The movies are haunting, disturbing, and beautiful. They're also hard to follow if Russian is not your native language — so I recommend you snag a copy of the synopsis before watching it. The opening scene of the trilogy, Zvenigora, is a hallucinatory, slow-motion shot of men on horseback moving across the screen. Perhaps today it is not a significant effect that a filmmaker would use slow-motion — it is easy enough to do on an iPhone! But seeing it on the silver screen — and in such a glorious presentation — I fell in love with cinema's basic ability to simulate motion. Movies simulate motion by projecting a series of individual images on the screen at a rapid rate. If you take a look at a movie reel you can see each individual frame. Each frame is essentially a photographic image. Now, of course, movies made today, for the most part, are filmed on digital cameras so looking at a movie reel is not possible — but the idea is similar. Thousands of images strung together in a line. Each one is slightly different from the next. Have you ever played with a flipbook — that is what it is like. Most movies are intended to make you forget that what you are seeing on the screen is a series of spliced together individual photographs. But Alexander Dovzhenko's movies, particularly his Ukraine Trilogy, made me aware of the cinema as a series of individual photos. Dovzhenko was a Soviet filmmaker. He made Zvenigora in 1928 — and on the surface, it tells a story about the relationship between Ukraine and Russia, and between technology and nature, superstition and belief, protest and allegiance, father and son. It's a propaganda film. But Dovzhenko was able to use those limitations to make something really incredible. I am not going to dwell too much on the narrative aspects of the film; rather, I want to focus on one aspect of the movie that struck me. The movie has a series of long shots that feature figures of people. Not exactly close-ups but more like photographs — but in a movie.
Creating the On-Screen Cinematic Portrait
Not all of the movies' shots are slow and extended — actually, the movie combines lots of different cinematic effects, close editing, shots looking up at a person from below, to give the effect of being dominated — images layered on another to create dream sequences and quite a few action shots.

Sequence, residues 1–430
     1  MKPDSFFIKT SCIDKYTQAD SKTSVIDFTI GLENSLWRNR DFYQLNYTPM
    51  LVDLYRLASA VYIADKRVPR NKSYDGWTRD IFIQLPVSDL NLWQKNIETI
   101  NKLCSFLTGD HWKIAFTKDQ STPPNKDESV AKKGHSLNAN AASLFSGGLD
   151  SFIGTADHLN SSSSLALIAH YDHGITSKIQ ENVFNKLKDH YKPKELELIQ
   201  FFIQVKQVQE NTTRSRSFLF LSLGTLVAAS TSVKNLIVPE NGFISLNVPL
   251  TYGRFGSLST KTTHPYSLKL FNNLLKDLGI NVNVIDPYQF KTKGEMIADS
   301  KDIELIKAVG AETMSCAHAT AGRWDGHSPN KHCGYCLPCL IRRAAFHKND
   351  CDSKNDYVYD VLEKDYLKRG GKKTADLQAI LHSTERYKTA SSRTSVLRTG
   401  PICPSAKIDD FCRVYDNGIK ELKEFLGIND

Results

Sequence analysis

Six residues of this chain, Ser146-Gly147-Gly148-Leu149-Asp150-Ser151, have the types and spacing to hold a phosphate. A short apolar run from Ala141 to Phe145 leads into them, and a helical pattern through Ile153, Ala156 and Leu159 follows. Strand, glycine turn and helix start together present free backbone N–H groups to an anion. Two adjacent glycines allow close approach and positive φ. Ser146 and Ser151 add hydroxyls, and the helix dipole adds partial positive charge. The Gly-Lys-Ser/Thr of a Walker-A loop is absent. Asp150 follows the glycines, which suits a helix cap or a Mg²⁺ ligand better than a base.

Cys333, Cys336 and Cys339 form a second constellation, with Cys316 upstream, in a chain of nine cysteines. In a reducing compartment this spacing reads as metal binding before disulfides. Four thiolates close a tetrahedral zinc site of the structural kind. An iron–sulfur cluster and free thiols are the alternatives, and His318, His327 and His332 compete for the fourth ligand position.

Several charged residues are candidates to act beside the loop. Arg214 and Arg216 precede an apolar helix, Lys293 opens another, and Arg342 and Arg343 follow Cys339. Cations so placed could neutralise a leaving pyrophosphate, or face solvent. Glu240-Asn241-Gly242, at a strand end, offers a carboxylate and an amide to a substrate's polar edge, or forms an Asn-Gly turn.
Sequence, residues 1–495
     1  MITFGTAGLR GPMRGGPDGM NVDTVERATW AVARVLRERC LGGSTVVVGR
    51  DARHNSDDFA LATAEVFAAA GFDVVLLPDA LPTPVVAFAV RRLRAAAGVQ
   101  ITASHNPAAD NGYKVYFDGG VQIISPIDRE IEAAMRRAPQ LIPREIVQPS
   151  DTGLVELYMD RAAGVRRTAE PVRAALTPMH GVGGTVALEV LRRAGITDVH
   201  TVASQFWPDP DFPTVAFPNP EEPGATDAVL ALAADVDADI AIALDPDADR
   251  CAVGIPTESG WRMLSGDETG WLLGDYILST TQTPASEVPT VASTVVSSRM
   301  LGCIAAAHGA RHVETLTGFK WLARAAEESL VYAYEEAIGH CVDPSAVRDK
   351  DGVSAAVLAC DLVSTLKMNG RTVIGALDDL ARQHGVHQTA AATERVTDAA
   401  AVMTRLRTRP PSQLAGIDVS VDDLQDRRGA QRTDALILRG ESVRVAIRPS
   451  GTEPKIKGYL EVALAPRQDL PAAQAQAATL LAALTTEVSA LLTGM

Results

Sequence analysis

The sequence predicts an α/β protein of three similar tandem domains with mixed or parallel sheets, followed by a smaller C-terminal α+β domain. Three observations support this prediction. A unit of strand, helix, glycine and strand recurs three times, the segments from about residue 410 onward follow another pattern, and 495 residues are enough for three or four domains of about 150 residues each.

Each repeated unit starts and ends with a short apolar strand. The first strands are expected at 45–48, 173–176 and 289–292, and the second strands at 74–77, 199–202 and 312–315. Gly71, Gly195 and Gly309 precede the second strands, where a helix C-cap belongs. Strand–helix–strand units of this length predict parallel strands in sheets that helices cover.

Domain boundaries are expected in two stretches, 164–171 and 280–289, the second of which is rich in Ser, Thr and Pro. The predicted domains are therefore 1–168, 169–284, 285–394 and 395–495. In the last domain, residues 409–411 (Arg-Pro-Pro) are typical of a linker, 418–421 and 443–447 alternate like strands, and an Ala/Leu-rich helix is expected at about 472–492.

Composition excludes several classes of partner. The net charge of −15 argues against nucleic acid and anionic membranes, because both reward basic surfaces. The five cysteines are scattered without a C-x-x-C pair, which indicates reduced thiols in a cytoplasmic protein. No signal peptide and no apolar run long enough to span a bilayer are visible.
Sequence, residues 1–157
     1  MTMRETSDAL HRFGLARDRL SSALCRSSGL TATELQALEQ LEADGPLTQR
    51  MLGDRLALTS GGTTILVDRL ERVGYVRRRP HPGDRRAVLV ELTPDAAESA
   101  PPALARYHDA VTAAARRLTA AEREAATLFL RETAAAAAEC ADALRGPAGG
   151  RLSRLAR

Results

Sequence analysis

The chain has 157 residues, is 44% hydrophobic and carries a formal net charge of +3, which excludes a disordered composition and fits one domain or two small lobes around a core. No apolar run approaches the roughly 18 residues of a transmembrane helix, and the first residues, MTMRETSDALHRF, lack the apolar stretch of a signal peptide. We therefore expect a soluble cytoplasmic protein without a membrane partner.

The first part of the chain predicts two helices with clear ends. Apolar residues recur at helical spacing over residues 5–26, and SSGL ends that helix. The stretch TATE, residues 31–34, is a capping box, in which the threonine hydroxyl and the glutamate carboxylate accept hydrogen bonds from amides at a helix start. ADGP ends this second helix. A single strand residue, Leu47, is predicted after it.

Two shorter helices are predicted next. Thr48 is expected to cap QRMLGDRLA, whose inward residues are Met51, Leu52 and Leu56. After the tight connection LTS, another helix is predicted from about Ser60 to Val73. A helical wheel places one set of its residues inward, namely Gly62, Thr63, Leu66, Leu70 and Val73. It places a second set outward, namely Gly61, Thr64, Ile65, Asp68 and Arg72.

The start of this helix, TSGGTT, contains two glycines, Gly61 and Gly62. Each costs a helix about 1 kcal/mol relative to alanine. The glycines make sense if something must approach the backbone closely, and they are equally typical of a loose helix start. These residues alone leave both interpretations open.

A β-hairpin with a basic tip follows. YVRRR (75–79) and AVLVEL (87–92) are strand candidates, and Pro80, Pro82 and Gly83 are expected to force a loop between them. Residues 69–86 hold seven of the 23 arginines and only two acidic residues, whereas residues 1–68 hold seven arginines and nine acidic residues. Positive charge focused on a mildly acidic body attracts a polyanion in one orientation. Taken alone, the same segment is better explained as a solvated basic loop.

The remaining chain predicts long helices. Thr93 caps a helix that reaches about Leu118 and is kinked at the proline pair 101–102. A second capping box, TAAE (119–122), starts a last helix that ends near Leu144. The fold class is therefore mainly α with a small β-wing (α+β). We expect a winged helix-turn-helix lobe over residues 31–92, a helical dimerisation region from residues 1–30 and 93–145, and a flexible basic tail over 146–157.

Also, the movie plays with parallel images — a mother beating her son contrasted with scenes from war. And there are quite a few close-ups — in one sequence a man is gassed, reminiscent of the trench warfare that plagued the first World War (which is the movie's thematic launching point). For several takes, we see his garish expression, his horror, and his elongated response to the visceral horror of biological warfare. Dovzhenko’s faces reminded me of Carl Dreyer's faces of Joan in the movie The Passion of Joan of Arc — but not as intense a close-up. What I call portraits shots in the Ukraine Trilogy last about five to six seconds — so they are long enough to notice the figure in the frame. And in these shots the figures do not move much, but rather, they stand as if posing for a portrait. I don't think I have ever seen a movie capture portraiture in a moving image quite as Dovzhenko does in Zvenigora.
Nor has a movie made me stop and reflect on the photographic nature of cinema — especially in its early days. By definition, a portrait is a still image. Portraits were done by painters, often of important people, or commissioned by patrons — such as the portraits one can see in a place like The National Portrait Gallery in Washington, D.C. Or if you were to look through a family's photo album. The characters in Dovshenko's movie are portraits of peasants. They are portraits of soldiers. Of villagers. Of the proletariat. Of a mother and child. Of father and son. I am not sure how Dvoshenko arranged for his casting; but, I would not be surprised if he just took people off the street and filmed them — the movie, despite its flights of fantastic fantasy - has an air of the documentary to it. As if I were perusing the photographs of an anthropologist's field study. The figures in the film are costumed in folk dress; often mustached or bearded, for the men, and dressed in traditional thick woven garments for the women. Some of the facial expressions are exaggerated — for effect. The horror of war. The anger and jeer of a crowd. A startled glance. A loving look. A man without a nose. It's all there. But the more striking portraits are the ones of just looking on, of reflection. I imagine in the age of the GIF I could take any one of Dvoshenko's portraits, pluck it out of the film and make a five-second animated photograph. Or, I could pluck out some of the portraits (in the few I selected for this post one can hopefully see what I mean).